Lauritz Melchior is going to be my next screen name
My ink pen of choice is the simple stick pen that gives you the freedom and flexibility to use different nibs to get different effects. I also like the way the ink sits on the paper before it dries and the occasional drip and splatter testifies to its soulful imperfections.
Had one of these (51 Converter). Gave it to a kid on his Bar Mitvah (in addition to the other gift) because I regretted that nobody had given me the canonical fountain pen.
Should get another proper fountain pen.
Now this is making sense. I myself prefer pen styles reminiscent of the days when ornament was taken seriously, but clearly the Parker 51 is a respectable candidate for the title.
(P.S.: if anyone's looking woefully at the price tag, try "Hero 616" or "Hero 100" on Ebay for knockoffs of inferior quality but similar visual appeal)
The Hero 100 is arguably of better quality than the 51.
I've owned a few 51s and a few 100s... and here's a comparison!
I guess you've all been to the pen website with one of the silliest domain names ever:
Has Parker's quality improved? Parker were the epitome of a cheap fountain pen in the 70s - I had several and they didn't last - the nibs were rough and scratchy, the ink pump tended to jam or break and the barrel was not very robust. I got given a Mont Blanc fountain pen in 6th form and I've not used a Parker since. My Mont Blanc is still a great pen even if I don't use it so much these days.
To be honest, I can't stand the "aerometric" filling mechanism, I suppose, so perhaps that's where my frustration with the 616 I have lies. Never gotten one to rival a piston fill.
I had a 51 at school for a few years when I was 13 back in the '80s. We just thought they were average workaday pens - I had no clue until now that they were in some way classic. I didn't like that squeezy rubber thing you had to use for the ink. It always seemed to be running out. But the pen seemed to serve me well. For non-classroom stuff though, we were Rotring people - oh yah. Rotring were really cool.
The 1970s were well past the prime of Parker -- the classic "51" was from the 1940s. By the 1970s,the company had gotten into providing temporary workers for other companies through its "Manpower" division and the executives became more interested in that than making pens.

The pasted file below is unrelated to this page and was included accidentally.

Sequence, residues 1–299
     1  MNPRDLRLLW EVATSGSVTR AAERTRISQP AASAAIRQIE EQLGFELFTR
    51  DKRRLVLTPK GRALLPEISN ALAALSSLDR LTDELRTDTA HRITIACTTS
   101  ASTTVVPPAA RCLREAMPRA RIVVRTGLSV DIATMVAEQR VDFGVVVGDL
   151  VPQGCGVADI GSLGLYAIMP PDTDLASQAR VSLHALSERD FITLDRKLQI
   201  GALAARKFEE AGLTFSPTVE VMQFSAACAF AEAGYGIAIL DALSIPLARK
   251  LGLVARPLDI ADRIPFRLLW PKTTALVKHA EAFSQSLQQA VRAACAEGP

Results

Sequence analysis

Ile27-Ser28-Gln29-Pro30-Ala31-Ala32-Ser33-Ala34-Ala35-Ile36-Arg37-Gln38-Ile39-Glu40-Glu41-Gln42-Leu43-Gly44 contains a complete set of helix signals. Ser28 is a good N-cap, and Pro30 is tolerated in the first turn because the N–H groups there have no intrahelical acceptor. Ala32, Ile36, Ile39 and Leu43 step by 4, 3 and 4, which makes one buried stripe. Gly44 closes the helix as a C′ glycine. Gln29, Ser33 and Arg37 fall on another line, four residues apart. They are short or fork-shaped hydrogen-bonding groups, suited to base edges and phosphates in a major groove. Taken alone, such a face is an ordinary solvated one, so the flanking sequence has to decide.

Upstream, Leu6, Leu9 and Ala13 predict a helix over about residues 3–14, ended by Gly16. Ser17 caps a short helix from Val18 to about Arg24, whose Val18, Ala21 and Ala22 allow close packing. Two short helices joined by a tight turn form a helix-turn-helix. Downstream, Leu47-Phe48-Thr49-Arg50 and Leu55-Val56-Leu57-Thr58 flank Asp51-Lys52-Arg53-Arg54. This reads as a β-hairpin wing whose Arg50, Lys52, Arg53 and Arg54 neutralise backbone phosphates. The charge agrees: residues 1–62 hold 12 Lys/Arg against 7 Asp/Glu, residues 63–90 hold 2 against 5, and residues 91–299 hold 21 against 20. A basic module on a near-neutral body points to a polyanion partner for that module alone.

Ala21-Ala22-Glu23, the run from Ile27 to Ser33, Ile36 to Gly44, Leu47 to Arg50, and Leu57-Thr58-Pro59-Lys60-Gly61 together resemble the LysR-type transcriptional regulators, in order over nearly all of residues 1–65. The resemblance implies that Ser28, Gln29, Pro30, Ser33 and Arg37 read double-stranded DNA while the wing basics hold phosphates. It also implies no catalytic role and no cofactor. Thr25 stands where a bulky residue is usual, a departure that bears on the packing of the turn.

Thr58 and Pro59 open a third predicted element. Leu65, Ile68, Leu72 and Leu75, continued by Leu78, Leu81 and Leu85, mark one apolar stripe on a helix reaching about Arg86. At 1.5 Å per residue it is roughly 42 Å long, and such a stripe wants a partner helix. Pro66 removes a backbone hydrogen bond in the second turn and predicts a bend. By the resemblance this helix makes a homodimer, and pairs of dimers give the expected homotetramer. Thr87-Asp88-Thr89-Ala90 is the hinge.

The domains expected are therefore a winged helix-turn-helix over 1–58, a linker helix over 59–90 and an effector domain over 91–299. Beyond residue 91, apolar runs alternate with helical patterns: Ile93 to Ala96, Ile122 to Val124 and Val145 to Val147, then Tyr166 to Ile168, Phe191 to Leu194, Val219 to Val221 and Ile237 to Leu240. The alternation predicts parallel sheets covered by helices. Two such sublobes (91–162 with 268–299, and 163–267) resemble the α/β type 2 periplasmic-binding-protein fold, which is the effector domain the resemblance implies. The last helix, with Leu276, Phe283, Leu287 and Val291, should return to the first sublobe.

Parker Jotter fan here. Their latest ballpoints are great, they did a big upgrade a year or two ago to the ink. Quinkflow is what it's called.
I have a Parker 51 with a Pendleton cursive grind on the tip that I love.
Yes, the squeeze filler thingie is not my favorite, (I like pistons too), but I've finally learned how to squeeze it to actually get the thing filled all the way.
It's by far my favorite writing pen. It
Peyton Street Pens is my store of choice. They sell a lot of what they call "New Old Stock, along with refurbs, (my Parker is one of those... the only way I could afford one)
I think the Fjader pen much superior as it actually fits your hand, just like the good old seagull feathers used to, as opposed to most everybody else's attempts to bash crude cylinders cranked out on a lathe into something vaguely ergonomic. Lamy fountain pens aren't a bad second.
I look at this post, the ad, and I see stereotypes needing pointing out, appeals to elitism needing discussing and one awesome illustration.
But pens? OK. This is why some consider me a party-pooper, I guess.
I found myself pretty impressed after looking into this. $100+ for an ancient, probably used pen with high maintenance needs was more than a little out of the question for me. This site has a fairly indepth set of reviews for a variety of different models (includes scans of the results) and quite a few of them seem to hold up really well.
The Hero 100 appeals to me the most but ~$40 still seems like a lot to me for a pen so we'll see.
Did I wander into a William Gibson novel by mistake?
No, I'd say your insights are right on. In a discussion you should feel free to ask questions or point things out. You're not a party-pooper IMO. On the contrary, you're adding something of interest to the conversation. How boring if everyone saw everything the same way.
Geocities called, They want their website back.